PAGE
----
Thursday, November 02, 2017

#autistichistorymonth : Jeremy the Dud [2017] and cognitive architecture researcher/developer Jill Fain Lehman/Simone Says/Edmark/Soar 1997-2013

I am listening to Hack and learning from Chloe Hayden about the film/streamseries she is starring in Jeremy the Dud.

Chloe is based in Geelong and she has Asperger syndrome. Lots of people call her Princess Aspien.

Everyone calls Jeremy - and people without disability - dud - and the PCish term is without specialty.

"We should get you some ice cream when we're done".

"He's not a child - I'm German".

Chloe Hayden - all the freaking time that someone is spoken to.

She went to a Halloween thing in a mental asylum - which she could have been placed in a year or two.

He'd been speaking to me the entire time normally - and then she was spoken to like she was four.

Jeremy is what Jeremy wants to be called.

And who calls Chloe Chloe? People like the Victorian Parliament. #iamforthe101

She talks about functioning levels/labels and people do get sensitive. People speak on your behalf.

The second way is the right way to say it AsPURGers [or at least it is 'righter' than the way lots of Anglos say it]. Lots of people think it's called Asparagus - even Damien Santamaria from Queensland who studied his doctorate.

There is a guy called Kyle and Jeremy finds the job very tough.

The HREOC fields lots of complaints about disability - and discrimination direct and indirect.

There is a Triple J number.

And Jeremy is played by a guy called Nick. He likes to be fun and different and wonderful and performing with brilliant actors - people don't play roles which aren't identified with their disability.


And we don't need another hero - feeling like a legend for treating someone normally. And it is totally relatable.

Yes people do get conflated and there is this huge range. I wonder if Chloe will talk about the inner range. And stigma. That you're this and that.

You've met one person with disability; you've met ONE person.

And an assumption - "I've heard of crazier things than that".

Making your life and making you think about the way we treat each other - Thank you so much and thank you say Nick and Chloe.

It is on the book of faces - Jeremy the Dud.

And then we have the voices - vox populi - and Endeavour Foundation from Queensland and New South Wales. When I look up things about wage justice Endeavour Foundation ... does not come up roses.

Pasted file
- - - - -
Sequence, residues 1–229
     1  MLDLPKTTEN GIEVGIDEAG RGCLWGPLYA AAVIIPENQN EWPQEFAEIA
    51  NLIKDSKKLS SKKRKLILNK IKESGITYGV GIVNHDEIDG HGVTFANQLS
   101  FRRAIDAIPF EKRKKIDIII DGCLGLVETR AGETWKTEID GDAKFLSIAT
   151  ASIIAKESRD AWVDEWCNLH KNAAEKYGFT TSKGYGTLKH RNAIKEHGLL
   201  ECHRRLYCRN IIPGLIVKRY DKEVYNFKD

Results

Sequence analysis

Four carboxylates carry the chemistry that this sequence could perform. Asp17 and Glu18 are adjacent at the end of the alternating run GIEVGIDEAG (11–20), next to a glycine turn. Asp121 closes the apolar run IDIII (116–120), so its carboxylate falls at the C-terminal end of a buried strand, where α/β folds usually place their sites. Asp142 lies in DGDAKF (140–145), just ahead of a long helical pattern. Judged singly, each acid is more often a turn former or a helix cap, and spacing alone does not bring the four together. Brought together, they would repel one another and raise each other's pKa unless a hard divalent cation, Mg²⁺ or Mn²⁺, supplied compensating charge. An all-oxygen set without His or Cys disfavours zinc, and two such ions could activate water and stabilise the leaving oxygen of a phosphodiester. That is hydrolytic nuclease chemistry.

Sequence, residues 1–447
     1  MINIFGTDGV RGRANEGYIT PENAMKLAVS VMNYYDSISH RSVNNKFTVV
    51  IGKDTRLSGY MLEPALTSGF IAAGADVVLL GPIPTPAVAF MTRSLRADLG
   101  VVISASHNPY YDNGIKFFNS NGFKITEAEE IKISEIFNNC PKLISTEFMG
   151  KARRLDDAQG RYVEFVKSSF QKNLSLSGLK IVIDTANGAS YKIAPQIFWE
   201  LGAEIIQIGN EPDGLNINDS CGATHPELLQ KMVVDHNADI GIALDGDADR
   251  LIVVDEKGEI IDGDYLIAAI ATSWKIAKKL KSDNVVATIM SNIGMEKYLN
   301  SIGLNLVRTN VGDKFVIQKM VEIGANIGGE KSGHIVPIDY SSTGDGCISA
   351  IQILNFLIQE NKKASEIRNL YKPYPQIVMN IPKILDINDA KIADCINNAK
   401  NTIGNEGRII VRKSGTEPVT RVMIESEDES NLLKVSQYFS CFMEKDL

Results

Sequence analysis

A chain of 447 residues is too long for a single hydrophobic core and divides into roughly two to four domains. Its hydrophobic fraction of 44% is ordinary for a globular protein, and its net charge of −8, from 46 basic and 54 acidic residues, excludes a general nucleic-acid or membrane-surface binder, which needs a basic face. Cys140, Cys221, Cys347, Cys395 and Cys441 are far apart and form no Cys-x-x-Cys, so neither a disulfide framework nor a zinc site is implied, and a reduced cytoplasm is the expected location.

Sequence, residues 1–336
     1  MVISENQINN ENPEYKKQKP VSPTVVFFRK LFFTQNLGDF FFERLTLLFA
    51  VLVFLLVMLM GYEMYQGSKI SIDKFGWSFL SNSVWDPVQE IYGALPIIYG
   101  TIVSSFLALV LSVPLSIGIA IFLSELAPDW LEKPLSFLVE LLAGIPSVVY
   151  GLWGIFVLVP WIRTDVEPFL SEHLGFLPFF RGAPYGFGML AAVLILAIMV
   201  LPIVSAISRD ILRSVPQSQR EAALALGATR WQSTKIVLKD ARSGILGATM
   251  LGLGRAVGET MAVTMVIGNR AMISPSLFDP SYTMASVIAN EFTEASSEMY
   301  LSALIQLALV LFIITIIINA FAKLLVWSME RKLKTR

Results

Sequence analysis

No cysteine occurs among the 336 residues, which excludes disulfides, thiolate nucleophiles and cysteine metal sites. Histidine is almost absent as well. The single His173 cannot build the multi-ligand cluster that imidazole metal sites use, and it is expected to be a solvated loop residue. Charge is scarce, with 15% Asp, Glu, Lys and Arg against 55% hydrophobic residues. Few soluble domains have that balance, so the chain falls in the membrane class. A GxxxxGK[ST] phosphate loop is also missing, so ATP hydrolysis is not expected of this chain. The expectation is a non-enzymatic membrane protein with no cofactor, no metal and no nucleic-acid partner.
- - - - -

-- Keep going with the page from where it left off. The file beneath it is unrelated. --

$4.50 - is this the lowest?

Metal fabrication and the downpipe would have been manufactured by supported employment.

From Andrew Don CEO of the Endeavour Foundation.

Jeremy the Dud is made by GenU and Robot Army - here's the cast and crew and the aim for the film

Yes, the film has captions. I have just watched the part where Jeremy is asked for mints and they might spoil his dinner. And I begin to see what Hayden has meant about being treated like a four-year-old.

A non-Jeremy the Dud thing and something which is big for Autistic History Month - this one is about Jill Fain Lehman who was a senior computer specialist at Carnegie Mellon some 20 years ago and designed Simone Says which is about Natural Language Processing. Somehow the thesis about Simone Says / feasibility study crashed the computer.

JFL looked at Sorting Station at Sammy's Science House from Edmark. Between 1994 and 1998 and afterwards I encountered several of the Early Learning House games which have lots of activities to entertain and educate; for example the shapes and the music.

Fain Lehman, Jill [April 1998] Kids Software for Autistic Children

What did Fain Lehman learn about what autistic and typically developing children of the mid 1990s like in their educational software?

Simone Says as designed by Fain Lehman and others at Carnegie Mellon.

This registry went deep into the twenty-first century: the latest addition is 2006.

KidAcesss developed some hippotherapy and music therapy resources. If you're into equestrian music and images/icons to go with it...

A jump page which was made for Sarah Kaye Lehman.

Rebecca Klaw and Fain Lehman wrote a book called From goals to data and back again.

A very interesting programme of cognitive architecture called Soar - here is its Wikipedia page.

No comments: